Okay ladies, now before you roll your eyes and say “my partner won’t do it”, let’s actually talk about why condoms are on my list of favorite forms of contraceptives,as well as, some important details to know if you do decide to use condoms as your form of contraception. First and foremost, although condoms may seem a little cumbersome and let’s just say may “ruin the moment”, condoms are a great option because of their accessibility (no prescription needed) and they don’t contain hormones. The other benefit to condoms is that not only do condoms work as contraception but, they can also reduce the risk of contracting sexual transmitted infections (STIs) and HIV. They do not, however, prevent the spread of syphilis or genital ulcers, like genital herpes, which are infections that are more related to direct contact of infected tissues or mucosa. This is where talking about your sexual history with your partner is cruical. Condoms, specifically male condoms (yes, there are also female condoms too), are said to be 98% effective at preventing pregnancy when used correctly. However, according to Planned Parenthood, people aren’t perfect, so in reality condoms are most likely about 85% effective. Its also important to note that not all condoms are created equal. In fact, making sure to use fair-trade non-toxic condoms like Sustain Natural  can help reduce the risk of irritation, yeast infections and were developed without interfering with the normal vaginal pH. You can also use condoms in conjunction with some of the other forms of contraception for additional efficacy and support. The biggest disadvantage of condoms include that they must be used every single time you have sex, and in order for full efficacy you need to make sure the condom is not only the right size, but that it hasn’t expired (huge problem especially in teenager related pregnancies)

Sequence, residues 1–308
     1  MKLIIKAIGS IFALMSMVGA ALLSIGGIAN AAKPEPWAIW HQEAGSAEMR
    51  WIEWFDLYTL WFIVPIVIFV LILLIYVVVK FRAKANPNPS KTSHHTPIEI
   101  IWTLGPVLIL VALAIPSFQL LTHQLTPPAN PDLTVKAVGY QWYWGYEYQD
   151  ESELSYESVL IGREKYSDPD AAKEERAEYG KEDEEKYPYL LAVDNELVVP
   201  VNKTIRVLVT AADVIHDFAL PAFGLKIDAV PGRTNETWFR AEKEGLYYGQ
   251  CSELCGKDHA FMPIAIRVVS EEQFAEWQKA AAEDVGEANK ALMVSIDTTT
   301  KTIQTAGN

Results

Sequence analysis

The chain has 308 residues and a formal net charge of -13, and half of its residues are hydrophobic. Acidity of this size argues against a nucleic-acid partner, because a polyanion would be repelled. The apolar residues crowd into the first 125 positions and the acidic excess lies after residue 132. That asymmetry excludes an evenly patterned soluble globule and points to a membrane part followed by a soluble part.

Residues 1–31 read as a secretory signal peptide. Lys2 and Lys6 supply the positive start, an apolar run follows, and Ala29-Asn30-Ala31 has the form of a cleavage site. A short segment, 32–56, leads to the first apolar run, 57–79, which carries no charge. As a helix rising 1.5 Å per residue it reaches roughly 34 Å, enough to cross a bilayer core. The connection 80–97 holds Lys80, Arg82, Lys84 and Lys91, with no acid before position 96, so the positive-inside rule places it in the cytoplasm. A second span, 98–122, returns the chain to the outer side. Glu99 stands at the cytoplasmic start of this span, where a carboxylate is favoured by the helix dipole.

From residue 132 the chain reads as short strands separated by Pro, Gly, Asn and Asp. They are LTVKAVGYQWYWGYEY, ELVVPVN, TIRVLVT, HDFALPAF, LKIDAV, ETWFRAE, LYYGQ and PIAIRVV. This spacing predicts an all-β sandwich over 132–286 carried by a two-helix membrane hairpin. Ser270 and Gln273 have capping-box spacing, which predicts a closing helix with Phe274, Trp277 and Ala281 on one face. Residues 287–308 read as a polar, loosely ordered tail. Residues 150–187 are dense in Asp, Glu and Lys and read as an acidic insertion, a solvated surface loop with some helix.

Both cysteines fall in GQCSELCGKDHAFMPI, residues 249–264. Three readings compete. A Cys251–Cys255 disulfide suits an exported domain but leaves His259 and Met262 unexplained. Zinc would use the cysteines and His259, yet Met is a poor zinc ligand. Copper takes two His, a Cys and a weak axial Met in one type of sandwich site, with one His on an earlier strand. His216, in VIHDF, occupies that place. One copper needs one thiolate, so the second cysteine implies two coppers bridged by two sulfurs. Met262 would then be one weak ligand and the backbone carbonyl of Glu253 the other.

Fertility Awareness Method (FAM)

Similar to condoms, the fertility awareness method is a non-hormonal contraceptive option that allows your body to cycle normally without synthetic hormone intervention. In my clinical practice, Fertility Awareness Methods are by far my preferred form of contraception. That being said, I generally recommend the Fertility Awareness Method as a form of contraception for women in a committed monogamous relationship. If you are in your early 20s and are not currently in a monogamous relationship, this may not be the best option for you as the Fertility Awareness Methods may provide you more risk than you are currently comfortable with. (The estimate rate of efficacy is about 76%). Again, this is a total personal decision, but from clinical experience, my 20 something single patients aren’t a huge fan of this option. That being said, I still encourage my 20 something patients to monitor and track their cycle not just for contraception but to better understand their particular body so they can easily detect when something isn’t right. Using a period tracking app is something I recommend to everyone, whether you are trying to get pregnant or not.